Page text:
And what’s more worrying is the ongoing battle between the governor Maha Prasad Adhikari and Finance Minister Janardan Sharma at a time when the country’s economy is bleeding, said Pyakuryal.
Adhikari faced an automatic suspension on April 8 following the government decision, or finance minister decision, to set up a probe against Governor Adhikari.
The government had formed the probe panel accusing Adhikari of leaking sensitive information about its decisions and not fulfilling his responsibilities effectively. The Supreme Court, however, directed the government not to take any action against Adhikari, following which he has joined office.
The problem in the economy started as soon as Sharma was appointed the finance minister in the Sher Bahadur Deuba led coalition government and the battle between the two honchos started, according to some economists.
“Tuesday’s decision to ban imports ahead of the election may backfire,” said Pyakuryal. “The decision was appropriate but it came late. Now, it will not reduce imports because the finance ministry sources have said that traders have already been issued the letters of credit to import goods that are worth billions of rupees.”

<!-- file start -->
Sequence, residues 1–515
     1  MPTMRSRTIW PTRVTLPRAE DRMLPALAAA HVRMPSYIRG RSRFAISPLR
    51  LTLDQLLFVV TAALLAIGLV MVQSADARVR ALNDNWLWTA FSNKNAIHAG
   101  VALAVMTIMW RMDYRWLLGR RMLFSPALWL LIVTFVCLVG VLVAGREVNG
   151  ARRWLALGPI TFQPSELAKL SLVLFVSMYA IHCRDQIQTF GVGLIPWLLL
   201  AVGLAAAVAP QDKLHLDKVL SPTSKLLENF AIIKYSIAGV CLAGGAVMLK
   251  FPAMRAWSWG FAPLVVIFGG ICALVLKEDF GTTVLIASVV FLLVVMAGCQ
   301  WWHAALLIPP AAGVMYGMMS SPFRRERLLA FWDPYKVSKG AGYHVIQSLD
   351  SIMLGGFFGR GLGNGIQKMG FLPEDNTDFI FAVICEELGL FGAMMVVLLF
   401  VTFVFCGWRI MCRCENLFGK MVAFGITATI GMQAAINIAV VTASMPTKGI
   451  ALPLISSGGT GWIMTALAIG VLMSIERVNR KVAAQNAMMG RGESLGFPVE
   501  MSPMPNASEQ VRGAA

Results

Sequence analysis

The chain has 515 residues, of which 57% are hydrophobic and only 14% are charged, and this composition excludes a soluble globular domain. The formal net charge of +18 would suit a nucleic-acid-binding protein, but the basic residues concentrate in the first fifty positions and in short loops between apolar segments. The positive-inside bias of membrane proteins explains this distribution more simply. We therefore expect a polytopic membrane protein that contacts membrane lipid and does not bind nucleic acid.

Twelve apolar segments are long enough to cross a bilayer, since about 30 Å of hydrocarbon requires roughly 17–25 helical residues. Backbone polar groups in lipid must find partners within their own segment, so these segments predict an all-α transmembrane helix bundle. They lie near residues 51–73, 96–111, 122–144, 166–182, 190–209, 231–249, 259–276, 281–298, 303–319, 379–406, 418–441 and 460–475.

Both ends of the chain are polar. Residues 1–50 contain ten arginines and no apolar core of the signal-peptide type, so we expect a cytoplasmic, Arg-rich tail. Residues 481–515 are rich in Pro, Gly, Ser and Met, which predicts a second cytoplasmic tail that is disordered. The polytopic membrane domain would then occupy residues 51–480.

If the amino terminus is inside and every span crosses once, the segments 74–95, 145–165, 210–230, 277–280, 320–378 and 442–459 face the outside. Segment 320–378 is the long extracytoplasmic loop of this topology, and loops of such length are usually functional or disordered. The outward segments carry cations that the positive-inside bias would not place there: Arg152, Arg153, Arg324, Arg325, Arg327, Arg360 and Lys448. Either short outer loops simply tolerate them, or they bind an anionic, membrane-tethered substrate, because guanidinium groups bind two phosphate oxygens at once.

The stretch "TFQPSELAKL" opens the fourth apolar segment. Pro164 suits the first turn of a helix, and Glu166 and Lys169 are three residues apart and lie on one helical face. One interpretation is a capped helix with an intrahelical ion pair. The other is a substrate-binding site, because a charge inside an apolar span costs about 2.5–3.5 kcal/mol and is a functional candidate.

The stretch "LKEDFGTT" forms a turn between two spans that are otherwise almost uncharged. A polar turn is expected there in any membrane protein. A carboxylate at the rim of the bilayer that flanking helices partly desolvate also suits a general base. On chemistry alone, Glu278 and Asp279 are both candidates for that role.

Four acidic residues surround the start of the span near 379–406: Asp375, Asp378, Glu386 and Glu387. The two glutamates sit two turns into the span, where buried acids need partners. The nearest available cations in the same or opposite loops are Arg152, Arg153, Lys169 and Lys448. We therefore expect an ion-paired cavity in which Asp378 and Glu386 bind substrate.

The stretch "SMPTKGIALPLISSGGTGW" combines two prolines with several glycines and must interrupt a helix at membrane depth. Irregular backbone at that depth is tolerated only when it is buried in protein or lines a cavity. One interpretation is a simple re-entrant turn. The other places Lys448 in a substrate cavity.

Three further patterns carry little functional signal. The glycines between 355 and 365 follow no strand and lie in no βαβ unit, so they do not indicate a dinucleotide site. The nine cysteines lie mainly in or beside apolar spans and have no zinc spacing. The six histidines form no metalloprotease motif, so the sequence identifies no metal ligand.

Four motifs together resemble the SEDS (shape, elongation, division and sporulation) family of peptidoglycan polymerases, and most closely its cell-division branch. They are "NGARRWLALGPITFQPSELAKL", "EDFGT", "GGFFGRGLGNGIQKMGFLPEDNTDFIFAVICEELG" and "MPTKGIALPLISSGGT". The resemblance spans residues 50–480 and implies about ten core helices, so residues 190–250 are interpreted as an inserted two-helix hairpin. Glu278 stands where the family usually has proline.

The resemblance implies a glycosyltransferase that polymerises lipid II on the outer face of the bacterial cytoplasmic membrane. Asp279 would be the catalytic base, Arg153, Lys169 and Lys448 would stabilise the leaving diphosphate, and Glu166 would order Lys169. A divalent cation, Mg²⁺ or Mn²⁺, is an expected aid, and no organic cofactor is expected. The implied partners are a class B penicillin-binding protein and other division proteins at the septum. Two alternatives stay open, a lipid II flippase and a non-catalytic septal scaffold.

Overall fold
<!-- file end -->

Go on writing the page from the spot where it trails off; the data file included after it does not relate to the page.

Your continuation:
Tuesday’s decision says that the government will allow imports of only those goods whose letter of credit has already been opened.
"Slower growth and rising prices, coupled with the challenges of war, infection and tightening financial conditions, will exacerbate the difficult policy trade-off between supporting recovery and containing inflation and debt,” according to the IMF.
Last December, Nepal Rastra Bank unveiled a new policy making it mandatory for importers to keep 100 percent margin amount to open the letter of credit to import 10 types of listed goods.
The central bank has decided to discourage the import of these goods considering that they are “non-essential”.
Also, traders need to keep 100 percent margin amount to open an letter of credit to import alcoholic drinks, tobacco, silver, furniture, sugar and foods that contain sweets, glucose, mineral water, energy drinks, cosmetics, shampoos, hair oils and colours, caps, footwear, umbrellas and construction materials such as bricks, marble, tiles and ceramics, among others.
According to a World Bank report titled "South Asia Economic Focus Reshaping Norms: A New Way Forward" released recently, higher commodity prices in Nepal are spurred by the war in Ukraine.
Transportation prices, construction costs and other consumer prices are rising which will dampen overall demand, the report said.
This may shave Nepal’s economic growth by an estimated 0.2 and 0.6 percentage points in the current fiscal year 2021-22 and the next fiscal year 2022-23 from previous projections, the multilateral funding agency said.
With the Russia-Ukraine war raging on, the World Bank has revised Nepal’s growth projection too.
Nepal’s economy, led by recovery of the services sector amid high Covid vaccination rates, is expected to grow by 3.7 percent in the current fiscal year and 4.1 percent in the next year.